Pinterest celebrated a big win over cybersquatters Monday when a California judge awarded the online window-shopping wishlist site $7.2 million. The case was fought against a man who’d used similarly titled URLs to direct individuals towards spammy ads for online casinos.
Qian Jian, a “serial cybersquatter,” according to court documents, had spent much of the past two years purchasing and operating upwards of 100 domains like Pinterost.com and Pinterests.com, sites that would lead wayward travelers towards online casino sites designed to bring Jian money. The sites would feed off individuals who mistyped Pinterest.com into their Web browsers.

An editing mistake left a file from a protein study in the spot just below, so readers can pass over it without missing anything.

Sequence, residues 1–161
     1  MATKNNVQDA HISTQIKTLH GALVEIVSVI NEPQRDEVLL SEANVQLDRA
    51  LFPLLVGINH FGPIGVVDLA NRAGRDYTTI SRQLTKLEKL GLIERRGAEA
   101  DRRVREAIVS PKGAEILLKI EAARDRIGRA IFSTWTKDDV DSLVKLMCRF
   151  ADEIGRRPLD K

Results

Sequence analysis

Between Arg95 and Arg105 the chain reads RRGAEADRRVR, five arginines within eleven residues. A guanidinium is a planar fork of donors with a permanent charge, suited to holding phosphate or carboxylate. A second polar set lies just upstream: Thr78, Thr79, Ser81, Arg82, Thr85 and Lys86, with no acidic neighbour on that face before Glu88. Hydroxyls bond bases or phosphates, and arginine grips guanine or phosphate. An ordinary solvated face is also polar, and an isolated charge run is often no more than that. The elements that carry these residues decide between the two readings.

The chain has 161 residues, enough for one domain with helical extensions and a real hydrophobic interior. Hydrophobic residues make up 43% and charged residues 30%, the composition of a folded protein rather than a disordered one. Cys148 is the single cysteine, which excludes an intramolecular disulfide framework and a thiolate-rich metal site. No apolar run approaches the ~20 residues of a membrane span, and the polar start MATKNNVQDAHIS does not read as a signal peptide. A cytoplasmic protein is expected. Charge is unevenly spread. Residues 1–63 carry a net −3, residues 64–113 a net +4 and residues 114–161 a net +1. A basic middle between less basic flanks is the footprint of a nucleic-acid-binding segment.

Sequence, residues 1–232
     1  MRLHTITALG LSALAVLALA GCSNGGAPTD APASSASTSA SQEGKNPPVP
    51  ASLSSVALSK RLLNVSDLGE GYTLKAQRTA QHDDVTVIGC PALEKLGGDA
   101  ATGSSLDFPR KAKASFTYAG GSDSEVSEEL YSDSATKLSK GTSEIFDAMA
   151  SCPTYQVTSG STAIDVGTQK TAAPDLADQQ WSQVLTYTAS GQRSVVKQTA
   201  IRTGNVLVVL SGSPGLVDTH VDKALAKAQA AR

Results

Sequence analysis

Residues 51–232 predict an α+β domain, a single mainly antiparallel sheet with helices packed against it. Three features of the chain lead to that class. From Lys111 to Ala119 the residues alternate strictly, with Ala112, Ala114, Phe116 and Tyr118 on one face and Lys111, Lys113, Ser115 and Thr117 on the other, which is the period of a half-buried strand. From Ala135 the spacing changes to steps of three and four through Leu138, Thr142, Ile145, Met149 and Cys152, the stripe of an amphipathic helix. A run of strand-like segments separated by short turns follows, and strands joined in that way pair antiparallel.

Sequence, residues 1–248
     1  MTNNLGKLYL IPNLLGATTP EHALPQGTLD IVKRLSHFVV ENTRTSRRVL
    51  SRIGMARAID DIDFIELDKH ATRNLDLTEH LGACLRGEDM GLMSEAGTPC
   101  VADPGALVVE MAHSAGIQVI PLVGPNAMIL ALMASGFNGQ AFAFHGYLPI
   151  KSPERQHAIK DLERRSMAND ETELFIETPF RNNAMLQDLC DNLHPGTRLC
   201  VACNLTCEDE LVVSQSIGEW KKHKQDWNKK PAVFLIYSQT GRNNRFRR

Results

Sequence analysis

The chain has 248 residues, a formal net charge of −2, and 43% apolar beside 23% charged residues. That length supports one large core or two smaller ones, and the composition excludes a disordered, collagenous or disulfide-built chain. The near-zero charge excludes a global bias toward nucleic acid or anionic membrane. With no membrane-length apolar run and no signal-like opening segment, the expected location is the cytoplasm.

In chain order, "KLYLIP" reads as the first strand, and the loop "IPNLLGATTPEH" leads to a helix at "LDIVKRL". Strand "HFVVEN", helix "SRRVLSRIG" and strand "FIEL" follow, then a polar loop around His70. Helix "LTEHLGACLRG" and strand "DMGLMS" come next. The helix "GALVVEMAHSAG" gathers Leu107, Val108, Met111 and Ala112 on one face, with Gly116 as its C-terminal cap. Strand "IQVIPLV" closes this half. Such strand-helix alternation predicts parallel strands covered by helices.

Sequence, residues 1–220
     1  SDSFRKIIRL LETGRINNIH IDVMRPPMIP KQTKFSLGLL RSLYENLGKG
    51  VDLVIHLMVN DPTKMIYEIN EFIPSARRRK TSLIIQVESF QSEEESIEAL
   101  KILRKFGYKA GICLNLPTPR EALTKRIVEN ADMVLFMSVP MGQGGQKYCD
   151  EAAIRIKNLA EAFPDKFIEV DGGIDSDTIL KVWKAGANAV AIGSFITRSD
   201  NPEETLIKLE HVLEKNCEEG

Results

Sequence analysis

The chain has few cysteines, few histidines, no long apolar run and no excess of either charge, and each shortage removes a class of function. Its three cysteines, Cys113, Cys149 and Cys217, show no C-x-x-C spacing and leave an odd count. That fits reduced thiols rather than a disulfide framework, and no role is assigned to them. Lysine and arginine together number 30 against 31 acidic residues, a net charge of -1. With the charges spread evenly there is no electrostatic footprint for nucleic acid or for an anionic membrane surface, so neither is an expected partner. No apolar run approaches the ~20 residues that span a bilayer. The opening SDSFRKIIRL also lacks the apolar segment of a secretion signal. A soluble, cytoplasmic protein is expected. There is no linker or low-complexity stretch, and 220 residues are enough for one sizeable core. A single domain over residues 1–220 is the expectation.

Pinterest actually sought $12 million in the lawsuit, filed by the company more than one year ago, but a district court judge in San Francisco chose to only award the California company $7.2 million. In addition, the judge ruled that all domains Jian had owned will have to be redirected to Pinterest from here on out.
The settlement’s currently something that could be labeled as a moral victory; Jian’s been MIA on this case for a while, and it’s not quite clear how exactly the company plans to recoup $7.2 million from the man. Still, speaking shortly after the settlement had been reached, a spokesperson for Pinterest seemed excited.
“This is a good outcome for the people who use Pinterest,” the spokesperson said. “We’ll continue to work to protect pincers and our trademarks.”
H/T Betabeat | Photo by Jason Reed